Week 352: From ‘Paradise Lost’, by John Milton

One of the problems for modern readers with Milton’s ‘Paradise Lost’ is that Satan doesn’t actually seem to be that bad a chap. He is not shown as espousing, still less committing, any of the things that seem particularly evil to us: torture, genocide, child abuse – he doesn’t even run through a cornfield. All he seems to do is encourage a spirit of enquiry in mankind by extending ‘Nullius in verba’, the motto of what was at the time of writing the newly-founded Royal Society, to the word of God, which may seem to the modern mind a perfectly reasonable thing to do, especially when the said word is mediated through such an unreliable vehicle as man. Still, ‘Paradise Lost’ has its impressive moments. I like this passage from Book V where at the time of the rebellion in Heaven the angel Abdiel, possibly having written two speeches the night before, one weighing up the pros of rebellion and one the cons, decides to stick with God:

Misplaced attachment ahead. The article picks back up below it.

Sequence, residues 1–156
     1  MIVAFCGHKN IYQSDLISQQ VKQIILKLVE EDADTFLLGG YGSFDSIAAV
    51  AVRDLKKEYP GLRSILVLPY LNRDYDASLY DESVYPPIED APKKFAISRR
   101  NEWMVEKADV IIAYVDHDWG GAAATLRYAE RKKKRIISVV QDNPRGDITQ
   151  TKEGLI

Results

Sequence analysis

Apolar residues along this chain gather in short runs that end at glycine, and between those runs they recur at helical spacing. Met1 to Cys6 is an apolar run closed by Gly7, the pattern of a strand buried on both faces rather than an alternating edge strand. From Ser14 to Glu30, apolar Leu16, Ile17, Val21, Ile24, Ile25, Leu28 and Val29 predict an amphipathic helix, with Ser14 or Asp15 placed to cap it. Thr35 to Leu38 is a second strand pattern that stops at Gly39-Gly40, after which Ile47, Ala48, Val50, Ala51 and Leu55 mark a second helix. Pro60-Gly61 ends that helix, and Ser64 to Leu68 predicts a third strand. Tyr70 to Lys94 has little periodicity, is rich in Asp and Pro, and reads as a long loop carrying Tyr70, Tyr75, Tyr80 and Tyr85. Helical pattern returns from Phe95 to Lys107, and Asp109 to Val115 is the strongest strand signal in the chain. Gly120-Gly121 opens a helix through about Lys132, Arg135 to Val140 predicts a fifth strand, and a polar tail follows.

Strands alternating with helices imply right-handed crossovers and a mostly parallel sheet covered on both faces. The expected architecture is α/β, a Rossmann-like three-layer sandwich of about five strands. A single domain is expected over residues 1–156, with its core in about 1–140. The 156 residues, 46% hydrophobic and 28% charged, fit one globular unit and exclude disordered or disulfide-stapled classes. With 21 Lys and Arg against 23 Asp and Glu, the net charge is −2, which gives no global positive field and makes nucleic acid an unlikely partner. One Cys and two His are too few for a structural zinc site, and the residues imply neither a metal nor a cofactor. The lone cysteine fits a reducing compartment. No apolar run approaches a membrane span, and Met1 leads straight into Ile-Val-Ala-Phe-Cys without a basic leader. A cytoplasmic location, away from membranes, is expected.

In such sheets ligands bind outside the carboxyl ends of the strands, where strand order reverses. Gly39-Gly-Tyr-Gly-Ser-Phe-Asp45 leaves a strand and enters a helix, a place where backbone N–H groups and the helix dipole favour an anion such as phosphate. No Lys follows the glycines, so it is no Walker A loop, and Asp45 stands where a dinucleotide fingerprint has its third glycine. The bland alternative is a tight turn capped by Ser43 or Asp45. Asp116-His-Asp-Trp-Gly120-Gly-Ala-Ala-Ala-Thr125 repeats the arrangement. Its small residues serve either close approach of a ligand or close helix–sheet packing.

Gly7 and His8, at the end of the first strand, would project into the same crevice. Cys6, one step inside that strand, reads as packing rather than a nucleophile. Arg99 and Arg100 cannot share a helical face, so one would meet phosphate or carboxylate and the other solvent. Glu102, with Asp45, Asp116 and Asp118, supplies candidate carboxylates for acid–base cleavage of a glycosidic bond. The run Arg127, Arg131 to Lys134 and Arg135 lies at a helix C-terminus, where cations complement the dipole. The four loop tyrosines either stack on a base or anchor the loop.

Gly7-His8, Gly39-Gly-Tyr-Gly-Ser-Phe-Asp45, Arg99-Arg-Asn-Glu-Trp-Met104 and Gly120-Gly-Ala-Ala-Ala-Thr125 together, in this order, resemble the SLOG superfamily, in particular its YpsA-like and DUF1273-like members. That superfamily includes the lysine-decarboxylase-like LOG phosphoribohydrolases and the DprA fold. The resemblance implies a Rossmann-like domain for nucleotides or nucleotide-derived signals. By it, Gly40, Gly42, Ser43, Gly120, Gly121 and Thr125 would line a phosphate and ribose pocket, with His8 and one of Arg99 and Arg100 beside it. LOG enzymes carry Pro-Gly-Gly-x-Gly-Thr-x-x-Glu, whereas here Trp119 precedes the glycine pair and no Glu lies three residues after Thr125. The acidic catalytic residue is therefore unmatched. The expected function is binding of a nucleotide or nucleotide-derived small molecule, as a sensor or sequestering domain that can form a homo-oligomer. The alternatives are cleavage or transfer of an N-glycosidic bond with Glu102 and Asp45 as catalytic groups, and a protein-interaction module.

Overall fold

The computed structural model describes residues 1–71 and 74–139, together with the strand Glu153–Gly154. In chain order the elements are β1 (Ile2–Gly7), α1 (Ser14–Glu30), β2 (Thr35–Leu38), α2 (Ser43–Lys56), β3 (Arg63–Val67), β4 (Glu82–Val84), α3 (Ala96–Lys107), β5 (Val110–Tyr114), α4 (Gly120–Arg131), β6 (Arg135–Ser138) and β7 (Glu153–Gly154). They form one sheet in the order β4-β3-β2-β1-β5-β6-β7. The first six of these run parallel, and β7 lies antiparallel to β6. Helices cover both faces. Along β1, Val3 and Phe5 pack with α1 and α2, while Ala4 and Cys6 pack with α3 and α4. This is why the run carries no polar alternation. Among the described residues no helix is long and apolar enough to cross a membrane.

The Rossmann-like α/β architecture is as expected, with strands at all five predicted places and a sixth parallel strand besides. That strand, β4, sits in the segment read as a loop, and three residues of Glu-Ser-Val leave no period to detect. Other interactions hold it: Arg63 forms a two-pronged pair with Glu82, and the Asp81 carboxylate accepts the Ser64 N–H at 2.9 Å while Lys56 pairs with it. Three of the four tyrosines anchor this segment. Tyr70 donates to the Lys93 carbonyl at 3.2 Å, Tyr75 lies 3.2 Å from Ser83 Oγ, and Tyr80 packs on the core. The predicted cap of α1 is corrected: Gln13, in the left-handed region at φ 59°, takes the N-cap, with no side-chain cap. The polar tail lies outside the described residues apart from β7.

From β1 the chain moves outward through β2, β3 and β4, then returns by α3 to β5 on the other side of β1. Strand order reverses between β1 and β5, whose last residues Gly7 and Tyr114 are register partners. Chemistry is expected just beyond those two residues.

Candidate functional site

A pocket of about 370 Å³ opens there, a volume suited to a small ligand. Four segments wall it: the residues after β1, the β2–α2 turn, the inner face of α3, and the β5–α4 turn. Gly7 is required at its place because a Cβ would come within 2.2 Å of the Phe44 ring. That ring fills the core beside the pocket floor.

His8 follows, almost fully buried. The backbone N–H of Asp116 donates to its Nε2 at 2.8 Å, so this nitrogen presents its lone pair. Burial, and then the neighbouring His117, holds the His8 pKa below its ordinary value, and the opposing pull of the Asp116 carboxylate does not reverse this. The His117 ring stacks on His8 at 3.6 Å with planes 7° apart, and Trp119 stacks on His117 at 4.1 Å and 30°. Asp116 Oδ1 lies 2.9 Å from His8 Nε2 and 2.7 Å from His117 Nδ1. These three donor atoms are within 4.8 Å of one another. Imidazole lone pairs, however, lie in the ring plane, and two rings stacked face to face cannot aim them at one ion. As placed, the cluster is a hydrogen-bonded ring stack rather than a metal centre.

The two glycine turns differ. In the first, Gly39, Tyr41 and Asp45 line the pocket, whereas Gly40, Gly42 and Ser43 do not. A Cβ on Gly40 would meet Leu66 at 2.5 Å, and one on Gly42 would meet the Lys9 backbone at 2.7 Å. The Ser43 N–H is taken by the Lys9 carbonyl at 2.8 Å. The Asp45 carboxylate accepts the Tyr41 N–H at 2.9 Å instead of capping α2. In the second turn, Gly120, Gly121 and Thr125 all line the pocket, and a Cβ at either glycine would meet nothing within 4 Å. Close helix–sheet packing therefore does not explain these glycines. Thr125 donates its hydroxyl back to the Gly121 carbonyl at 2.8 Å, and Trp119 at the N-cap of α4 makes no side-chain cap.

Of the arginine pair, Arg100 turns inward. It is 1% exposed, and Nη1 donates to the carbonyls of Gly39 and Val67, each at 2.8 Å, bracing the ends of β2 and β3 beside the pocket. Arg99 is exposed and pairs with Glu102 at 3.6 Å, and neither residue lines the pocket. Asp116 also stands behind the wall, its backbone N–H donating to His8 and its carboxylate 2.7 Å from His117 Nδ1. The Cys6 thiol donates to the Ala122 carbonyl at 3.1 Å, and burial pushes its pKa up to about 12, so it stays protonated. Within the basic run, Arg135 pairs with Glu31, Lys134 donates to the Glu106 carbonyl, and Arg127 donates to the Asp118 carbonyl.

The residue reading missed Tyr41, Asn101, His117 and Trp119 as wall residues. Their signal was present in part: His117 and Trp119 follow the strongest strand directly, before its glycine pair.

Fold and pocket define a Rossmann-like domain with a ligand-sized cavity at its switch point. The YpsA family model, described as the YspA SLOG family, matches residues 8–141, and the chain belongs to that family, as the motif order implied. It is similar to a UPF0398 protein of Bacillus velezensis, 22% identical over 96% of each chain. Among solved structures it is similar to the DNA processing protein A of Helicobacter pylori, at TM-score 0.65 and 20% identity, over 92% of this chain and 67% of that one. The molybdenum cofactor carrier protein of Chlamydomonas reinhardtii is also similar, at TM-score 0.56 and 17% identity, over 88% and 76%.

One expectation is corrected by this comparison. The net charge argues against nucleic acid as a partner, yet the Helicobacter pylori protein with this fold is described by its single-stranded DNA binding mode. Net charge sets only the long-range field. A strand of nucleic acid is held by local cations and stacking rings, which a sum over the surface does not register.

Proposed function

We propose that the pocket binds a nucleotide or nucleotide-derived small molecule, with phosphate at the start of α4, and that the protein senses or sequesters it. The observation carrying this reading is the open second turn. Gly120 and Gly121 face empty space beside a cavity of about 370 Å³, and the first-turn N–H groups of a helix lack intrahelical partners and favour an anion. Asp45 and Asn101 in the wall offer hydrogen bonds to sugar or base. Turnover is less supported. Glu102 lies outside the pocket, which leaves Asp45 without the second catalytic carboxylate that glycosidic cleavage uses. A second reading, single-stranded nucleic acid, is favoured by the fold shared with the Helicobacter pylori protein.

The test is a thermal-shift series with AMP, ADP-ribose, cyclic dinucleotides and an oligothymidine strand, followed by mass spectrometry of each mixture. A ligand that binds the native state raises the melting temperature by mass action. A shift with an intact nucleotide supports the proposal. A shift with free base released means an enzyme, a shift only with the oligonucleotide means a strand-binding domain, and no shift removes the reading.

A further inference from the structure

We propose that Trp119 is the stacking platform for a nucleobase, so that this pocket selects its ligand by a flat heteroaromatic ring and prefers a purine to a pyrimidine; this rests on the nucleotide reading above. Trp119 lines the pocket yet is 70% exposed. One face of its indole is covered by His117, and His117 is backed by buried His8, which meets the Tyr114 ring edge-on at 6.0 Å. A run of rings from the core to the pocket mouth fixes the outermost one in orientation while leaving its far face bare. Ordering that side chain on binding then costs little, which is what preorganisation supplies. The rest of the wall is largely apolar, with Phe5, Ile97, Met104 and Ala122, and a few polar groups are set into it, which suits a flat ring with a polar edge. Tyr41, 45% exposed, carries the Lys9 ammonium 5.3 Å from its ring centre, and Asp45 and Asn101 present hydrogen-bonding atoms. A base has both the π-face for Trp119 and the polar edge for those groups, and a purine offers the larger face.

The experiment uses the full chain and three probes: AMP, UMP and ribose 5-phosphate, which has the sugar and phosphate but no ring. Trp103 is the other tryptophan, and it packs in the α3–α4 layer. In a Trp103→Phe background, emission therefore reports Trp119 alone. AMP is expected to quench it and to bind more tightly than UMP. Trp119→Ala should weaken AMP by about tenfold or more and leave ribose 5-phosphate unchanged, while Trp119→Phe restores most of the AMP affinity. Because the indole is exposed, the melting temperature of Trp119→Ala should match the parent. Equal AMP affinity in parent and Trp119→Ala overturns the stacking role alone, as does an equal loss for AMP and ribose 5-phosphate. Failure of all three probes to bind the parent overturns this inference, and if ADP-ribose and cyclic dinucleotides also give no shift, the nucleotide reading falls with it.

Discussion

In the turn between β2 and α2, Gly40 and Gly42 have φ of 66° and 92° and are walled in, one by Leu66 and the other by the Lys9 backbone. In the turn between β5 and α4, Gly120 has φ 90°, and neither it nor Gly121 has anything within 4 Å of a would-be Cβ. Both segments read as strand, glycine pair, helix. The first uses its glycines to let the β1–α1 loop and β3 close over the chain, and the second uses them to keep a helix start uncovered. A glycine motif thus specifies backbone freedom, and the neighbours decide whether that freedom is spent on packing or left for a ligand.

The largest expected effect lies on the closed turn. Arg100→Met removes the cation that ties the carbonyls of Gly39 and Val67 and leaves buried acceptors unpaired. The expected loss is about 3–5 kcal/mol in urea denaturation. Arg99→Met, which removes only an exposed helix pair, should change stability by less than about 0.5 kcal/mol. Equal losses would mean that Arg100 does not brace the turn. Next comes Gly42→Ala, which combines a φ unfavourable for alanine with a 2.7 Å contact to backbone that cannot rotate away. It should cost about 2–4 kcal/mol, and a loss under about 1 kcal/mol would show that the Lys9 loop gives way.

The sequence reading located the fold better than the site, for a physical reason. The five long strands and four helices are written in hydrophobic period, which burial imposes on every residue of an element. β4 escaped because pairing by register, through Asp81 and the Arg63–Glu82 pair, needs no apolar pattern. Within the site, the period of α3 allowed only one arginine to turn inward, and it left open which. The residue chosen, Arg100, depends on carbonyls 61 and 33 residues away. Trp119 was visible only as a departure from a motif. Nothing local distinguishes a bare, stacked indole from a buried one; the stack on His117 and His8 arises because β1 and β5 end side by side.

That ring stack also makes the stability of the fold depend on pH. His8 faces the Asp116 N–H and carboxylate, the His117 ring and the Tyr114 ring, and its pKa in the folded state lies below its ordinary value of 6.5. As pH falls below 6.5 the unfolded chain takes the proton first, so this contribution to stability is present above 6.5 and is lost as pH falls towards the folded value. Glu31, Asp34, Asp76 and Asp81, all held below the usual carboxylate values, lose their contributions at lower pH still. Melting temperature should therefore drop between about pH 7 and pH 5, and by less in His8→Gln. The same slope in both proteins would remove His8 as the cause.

So spake the Seraph Abdiel, faithful found
Among the faithless, faithful only he;
Among innumerable false, unmoved,
Unshaken, unseduced, unterrified,
His loyalty he kept, his love, his zeal;
Nor number, nor example, with him wrought
To swerve from truth, or change his constant mind,
Though single. From amidst them forth he passed,
Long way through hostile scorn, which he sustained
Superior, nor of violence feared aught;
And, with retorted scorn, his back he turned
On those proud towers to swift destruction doomed.

John Milton

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